Saturday, 31 March 2012

The Day the Earth Hour Stood Still

Every year, without fail, we celebrate Earth Hour.

I say "without fail." In fact, we celebrate Earth Hour, almost inevitably, with some kind of failure. This year being no different to any other.

In order to be more comprehensive in our energy saving, this year we cut the power at the fuse box. The whole complex - Beaker Bazaar, Moot House, Great House, Doily Shed et al - plunged into darkness. Just the fridges left on.

And so we sat there in the Moot House, in the darkness. Letting the stillness of Husborne Crawley find its way to us, above the roar of the gas-burners we needed to keep warm with the roof open.

The theory was that we all sat there, letting the darkness and stillness seep into our souls - feeling ourselves at one with the Earth that we neglect and loot every other hour of the year, with our electric lights, television sets and computing devices. That we could look up through the open roof and see the wonders of creation, wheeling above us.

At least that was the theory. It was a shame about the clouds blotting out the heavens, of course. But a number of Beaker People had various astronomy apps on their smartphones, and spent a whole hour ooh-ing and aah-ing at what they would have seen on a clear night. While the remainder spent all their time, it turns out, tweeting to their very limited number of followers the events of the night.

Most of which events of the night were indeed provided by Burton. About twenty-five minutes in, and he stands up shouting "Badger! Badger! Badger!"

Well, the Beaker People don't like badgers. They're terrified of them. I try to tell them that they're just friendly old brocks, the last remaining decent-sized carnivores left to us from Merrie England. But they tell you that they can break your nose with one swipe of their wings. I tell them that's swans, and then they tell you they can break your back with a hug. I tell them that's the giant ant-eater, but they reckon that's close enough.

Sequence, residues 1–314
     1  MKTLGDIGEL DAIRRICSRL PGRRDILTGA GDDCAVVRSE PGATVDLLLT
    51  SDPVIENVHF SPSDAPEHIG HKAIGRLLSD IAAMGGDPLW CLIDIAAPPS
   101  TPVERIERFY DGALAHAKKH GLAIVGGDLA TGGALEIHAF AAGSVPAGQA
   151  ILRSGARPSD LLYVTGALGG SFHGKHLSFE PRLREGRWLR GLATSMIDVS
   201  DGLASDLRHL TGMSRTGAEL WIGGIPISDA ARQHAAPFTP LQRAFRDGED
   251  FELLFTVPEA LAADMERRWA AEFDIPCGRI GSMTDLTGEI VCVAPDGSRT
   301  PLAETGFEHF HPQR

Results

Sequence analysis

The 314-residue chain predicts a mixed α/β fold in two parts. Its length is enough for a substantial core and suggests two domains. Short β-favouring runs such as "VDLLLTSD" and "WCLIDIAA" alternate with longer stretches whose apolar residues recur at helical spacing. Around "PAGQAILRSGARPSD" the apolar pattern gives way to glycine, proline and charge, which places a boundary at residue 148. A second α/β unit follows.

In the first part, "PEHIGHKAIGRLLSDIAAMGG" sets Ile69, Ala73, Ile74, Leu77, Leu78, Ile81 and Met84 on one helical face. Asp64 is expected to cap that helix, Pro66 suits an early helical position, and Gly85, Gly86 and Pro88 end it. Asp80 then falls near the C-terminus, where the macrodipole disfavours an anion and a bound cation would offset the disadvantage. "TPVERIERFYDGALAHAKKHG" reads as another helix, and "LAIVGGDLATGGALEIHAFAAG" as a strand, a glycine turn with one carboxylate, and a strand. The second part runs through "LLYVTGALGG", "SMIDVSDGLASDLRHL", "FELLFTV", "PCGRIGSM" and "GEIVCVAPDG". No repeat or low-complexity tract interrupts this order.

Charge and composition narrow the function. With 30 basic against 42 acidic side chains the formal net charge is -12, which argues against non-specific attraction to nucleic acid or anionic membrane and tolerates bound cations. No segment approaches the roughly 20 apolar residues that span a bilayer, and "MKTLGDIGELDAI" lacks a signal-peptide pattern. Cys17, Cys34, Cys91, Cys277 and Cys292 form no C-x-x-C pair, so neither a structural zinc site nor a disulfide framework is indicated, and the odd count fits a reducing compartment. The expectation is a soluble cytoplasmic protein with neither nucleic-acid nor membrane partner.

So needless to say, next thing we know there's Beaker Folk running in all directions - never a good idea when you're in a confined space in the dark, and the only lights available are the glow of 50 smartphones. It was all very confusing, and bruising. I managed to keep myself from being hurt using a secret and ancient art - also known as cover drives and swipes to cow-shot corner (let the Reader understand).

Not a badger
When too many people had run into walls, I managed to hit the emergency lighting button, and the truth was revealed. In amongst the battered and terrified Beaker Folk, we saw Rizzo, the Beaker Jack Russell. Now she's got a black and white face, sure enough. But under no circumstances could anyone mistake her for a badger. Well, OK - under one circumstance she could be. That being where an impressionable accountant caught a glimpse of her in the half-light of Earth Hour. He always gets over-excited at Earth Hour. Honestly, he's as bad at Christmas.

I'll be honest, I wasn't that impressed. Burton had kind of spoilt Earth Hour for all of us. I called a rapid end to festivities, and sent everyone off to be bandaged. 

Still, at least all was not totally wasted. Burton, full of remorse and the desire to make recompense, has very kindly gone off to make some emergency doilies. He may be some time.  I may let him come back into the Moot House some time after midnight. Alternatively, I may just slip a badger into the Doily Shed if I can find one.

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